Mobility is the ability to move around with ease.
If your dad is struggling with mobility, you may recognize the signs. What if he hides it from you? Do you know the signs that he’s struggling with mobility and needs help with activities of daily living?
He’s Fallen Down
Your dad tries to stand up from a chair and stumbles. He falls and acts like it was just clumsiness. While it’s possible that it was simply a clumsy moment, you have to consider that it may also be mobility issues that make it hard for him to get his balance after sitting for a while.
Watch how long he has to stand before he takes his first few steps. Then, when he does, are his movements stiff? Does he seem to be in pain and use a shuffling gait, or does he immediately walk normally? Arthritis pain will impact mobility and may have him shuffling until his stiff joints loosen up.
His Balance is Off
Your dad has balance issues, which makes it hard for him to get out of a chair or bed or stand still for several minutes. For example, if he tries to stand on one foot, he immediately wobbles and puts the other foot down.
Trouble balancing occurs with aging due to weakening muscles and joint pain. It can also be related to the medications he takes, an inner ear infection, or low blood pressure.
He Avoids Stairs
In a parking garage, you have to park on the third floor. You’ve noticed your dad insists on taking the elevator and never wants to use the stairs. That can be another sign that he’s struggling with mobility.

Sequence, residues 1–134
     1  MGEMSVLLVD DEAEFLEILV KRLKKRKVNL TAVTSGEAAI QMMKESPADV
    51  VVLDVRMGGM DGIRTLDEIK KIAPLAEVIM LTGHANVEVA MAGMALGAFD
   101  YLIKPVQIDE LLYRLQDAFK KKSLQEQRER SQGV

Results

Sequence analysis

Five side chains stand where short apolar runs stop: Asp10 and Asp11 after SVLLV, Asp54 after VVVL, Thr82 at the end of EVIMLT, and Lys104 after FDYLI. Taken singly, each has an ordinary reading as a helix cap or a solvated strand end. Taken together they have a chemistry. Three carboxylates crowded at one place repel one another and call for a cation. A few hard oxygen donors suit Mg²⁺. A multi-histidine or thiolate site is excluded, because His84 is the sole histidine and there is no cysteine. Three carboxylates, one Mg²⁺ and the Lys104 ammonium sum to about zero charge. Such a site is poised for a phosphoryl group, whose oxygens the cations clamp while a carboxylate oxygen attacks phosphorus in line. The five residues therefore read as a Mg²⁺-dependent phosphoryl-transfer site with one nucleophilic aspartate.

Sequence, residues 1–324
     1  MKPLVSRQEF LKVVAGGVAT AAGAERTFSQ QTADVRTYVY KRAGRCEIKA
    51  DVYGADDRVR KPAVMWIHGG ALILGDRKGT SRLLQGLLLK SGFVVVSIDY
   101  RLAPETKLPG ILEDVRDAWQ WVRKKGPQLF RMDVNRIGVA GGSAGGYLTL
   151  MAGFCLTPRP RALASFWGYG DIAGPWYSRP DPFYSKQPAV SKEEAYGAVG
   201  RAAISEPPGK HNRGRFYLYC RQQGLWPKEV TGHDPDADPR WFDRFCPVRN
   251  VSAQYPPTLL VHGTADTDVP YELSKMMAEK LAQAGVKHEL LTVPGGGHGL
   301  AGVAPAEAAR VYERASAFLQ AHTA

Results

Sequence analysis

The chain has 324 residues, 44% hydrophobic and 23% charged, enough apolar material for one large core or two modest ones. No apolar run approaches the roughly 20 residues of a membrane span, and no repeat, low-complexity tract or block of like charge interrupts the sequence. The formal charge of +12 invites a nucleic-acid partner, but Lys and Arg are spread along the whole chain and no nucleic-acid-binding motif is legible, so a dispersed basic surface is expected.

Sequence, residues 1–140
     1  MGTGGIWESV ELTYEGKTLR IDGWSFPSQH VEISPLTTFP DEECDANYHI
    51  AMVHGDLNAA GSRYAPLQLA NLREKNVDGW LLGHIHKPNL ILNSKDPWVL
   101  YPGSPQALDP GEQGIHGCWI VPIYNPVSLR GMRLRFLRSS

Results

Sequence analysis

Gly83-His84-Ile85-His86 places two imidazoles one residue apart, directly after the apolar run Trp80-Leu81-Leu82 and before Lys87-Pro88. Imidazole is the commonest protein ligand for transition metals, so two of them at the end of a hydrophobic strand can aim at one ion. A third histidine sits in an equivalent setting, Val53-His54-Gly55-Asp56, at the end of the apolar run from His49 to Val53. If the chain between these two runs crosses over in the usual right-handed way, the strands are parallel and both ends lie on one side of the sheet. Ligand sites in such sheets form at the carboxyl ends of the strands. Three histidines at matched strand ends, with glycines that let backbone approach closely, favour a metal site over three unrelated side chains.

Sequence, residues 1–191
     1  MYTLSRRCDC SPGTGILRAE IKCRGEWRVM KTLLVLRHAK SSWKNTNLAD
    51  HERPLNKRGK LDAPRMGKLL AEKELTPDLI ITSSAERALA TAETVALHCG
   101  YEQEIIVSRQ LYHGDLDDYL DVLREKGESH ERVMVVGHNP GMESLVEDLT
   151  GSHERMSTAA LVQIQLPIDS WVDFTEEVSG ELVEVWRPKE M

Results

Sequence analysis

If you get him to take the stairs, does he huff and puff and seem out of breath? That’s a good sign that his mobility is changing. Sometimes, it’s simply that he’s out of shape. As he builds stamina and muscle strength, he’ll find it more manageable. It’s important to talk about it with his doctor in case it’s heart-related.
Mobility: He Needs Help
It’s hard to ignore your dad’s need for help. If you let him continue to hide his mobility issues and do nothing, he could fall when no one is around. If that happened, how long would it be before someone stopped by to find him on the floor and unable to get to a phone?
Professional caregivers help in many ways. For example, they can help your dad with cooking and cleaning. They can drive him to the store to pick up prescription refills and groceries. Caregivers also help with many aspects of mobility, including walking up and down the stairs or taking daily walks.